Monday, January 14, 2013

Proper Hyphenation

I am regularly asked to read over and help edit writings from our faculty members. One of the problems I see fairly frequently is a lack of understanding related to hyphenation. I know discussions of good writing are not especially exciting, but making writing understandable is a useful skill to have. Hyphenation is critical to proper understanding of text.

Hyphens have two main purposes. One is to join words together, while the second is to separate the syllables in words. When we are writing our technical research papers, we are generally involved in the first use. Let’s see if we can apply some rules to how hyphens should be used (understanding that there is actually not one such set upon which we can draw. Different style manuals may offer slightly different recommendations for use. Also, rules may differ on a country-by-country basis. Hey, look, two hyphens in one term!).
Let me start by offering one of the most commonly misused terms I see in our combined writing. Look at the following term:
High velocity low amplitude manipulation
Because we understand the context, we know what the terms means. But let’s say you have no knowledge of chiropractic technique. What words here modify what other words? Does the word “velocity” modify the word “low?” In fact, as written we cannot make sense of the term, since we have no way to know which words are modifying other words. Hyphenation makes this all understandable:
High-velocity low-amplitude manipulation
It is now clear that “high” modifies “velocity” and “low” modifies “amplitude” and both combined terms then modify “manipulation.”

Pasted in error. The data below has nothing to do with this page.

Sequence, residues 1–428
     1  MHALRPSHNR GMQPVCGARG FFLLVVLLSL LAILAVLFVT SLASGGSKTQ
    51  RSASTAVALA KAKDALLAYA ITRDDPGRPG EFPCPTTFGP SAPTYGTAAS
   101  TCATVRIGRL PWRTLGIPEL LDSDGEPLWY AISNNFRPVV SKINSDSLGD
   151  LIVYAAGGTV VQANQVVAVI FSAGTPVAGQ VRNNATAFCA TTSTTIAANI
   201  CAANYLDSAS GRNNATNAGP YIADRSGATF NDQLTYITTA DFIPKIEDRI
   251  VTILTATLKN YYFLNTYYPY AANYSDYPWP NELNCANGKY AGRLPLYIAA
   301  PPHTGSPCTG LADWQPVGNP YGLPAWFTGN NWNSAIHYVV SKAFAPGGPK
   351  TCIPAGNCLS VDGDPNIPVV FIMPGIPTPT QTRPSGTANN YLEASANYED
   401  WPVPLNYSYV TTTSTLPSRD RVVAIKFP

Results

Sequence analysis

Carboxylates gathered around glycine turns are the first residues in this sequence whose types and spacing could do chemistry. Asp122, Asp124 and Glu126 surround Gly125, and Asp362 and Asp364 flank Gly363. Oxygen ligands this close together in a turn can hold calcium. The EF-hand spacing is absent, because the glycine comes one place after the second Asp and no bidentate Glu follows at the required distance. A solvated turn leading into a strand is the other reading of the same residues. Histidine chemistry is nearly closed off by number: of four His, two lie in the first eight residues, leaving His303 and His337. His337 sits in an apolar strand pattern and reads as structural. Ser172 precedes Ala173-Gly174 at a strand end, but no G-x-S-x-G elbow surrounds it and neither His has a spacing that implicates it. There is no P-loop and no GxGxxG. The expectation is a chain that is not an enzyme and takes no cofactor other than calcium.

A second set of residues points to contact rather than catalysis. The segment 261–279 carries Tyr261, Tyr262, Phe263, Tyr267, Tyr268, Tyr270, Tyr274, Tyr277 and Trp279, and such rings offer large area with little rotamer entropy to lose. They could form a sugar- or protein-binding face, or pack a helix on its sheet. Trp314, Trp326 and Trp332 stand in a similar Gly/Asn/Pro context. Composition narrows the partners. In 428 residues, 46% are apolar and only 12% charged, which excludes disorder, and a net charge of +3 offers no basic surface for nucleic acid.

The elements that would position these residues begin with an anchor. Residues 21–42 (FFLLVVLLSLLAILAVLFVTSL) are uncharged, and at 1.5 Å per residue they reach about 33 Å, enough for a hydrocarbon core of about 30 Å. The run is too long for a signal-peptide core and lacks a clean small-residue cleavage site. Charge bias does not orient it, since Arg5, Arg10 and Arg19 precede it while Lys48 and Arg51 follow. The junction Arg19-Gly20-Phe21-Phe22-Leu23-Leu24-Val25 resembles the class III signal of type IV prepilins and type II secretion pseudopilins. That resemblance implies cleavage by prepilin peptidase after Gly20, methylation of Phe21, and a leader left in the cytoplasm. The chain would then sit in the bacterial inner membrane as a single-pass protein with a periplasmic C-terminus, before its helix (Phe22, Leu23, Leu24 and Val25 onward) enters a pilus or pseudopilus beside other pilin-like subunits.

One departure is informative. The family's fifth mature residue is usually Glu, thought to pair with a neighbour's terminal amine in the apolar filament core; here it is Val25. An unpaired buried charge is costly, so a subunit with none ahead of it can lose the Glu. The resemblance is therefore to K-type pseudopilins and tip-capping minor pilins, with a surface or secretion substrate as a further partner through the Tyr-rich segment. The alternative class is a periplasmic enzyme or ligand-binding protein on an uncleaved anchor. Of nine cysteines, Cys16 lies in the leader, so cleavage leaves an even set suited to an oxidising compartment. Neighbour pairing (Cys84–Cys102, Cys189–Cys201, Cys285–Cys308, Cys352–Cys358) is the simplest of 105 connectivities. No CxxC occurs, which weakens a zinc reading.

Hyphen rules
1.       There are no spaces between the hyphen and the words it connects.

2.       Numbers below 100 are hyphenated, i.e. thirty-five

3.       Hyphens are important in compound modifiers. This was the example I gave above, but let’s look at one more: “American football player.” Now, look at this and answer if you can tell whether or not we are referring to (1) an American who is a football player, or (2) an athlete who plays American football. You cannot tell. If this were written as “American-football player,” it is now clear that you are referring to someone who plays American football. If we look at the term “high ranking official,” it is not clear whether the we are referring to an official of high ranking, or a ranking official who is, uh, high. J
I always ask myself, is a term confusing? Using a term closer to home, what do I do with “cross country runner?” Is there an angry country runner or is there a runner who runs cross country? The proper term is cross-country runner. Wikipedia offers an interesting one: “man eating shark.” Without hyphenation, this really means that a man is eating shark (probably at a restaurant!), while man-eating shark is eating you (probably in the ocean…). Hyphens matter in making text understandable!

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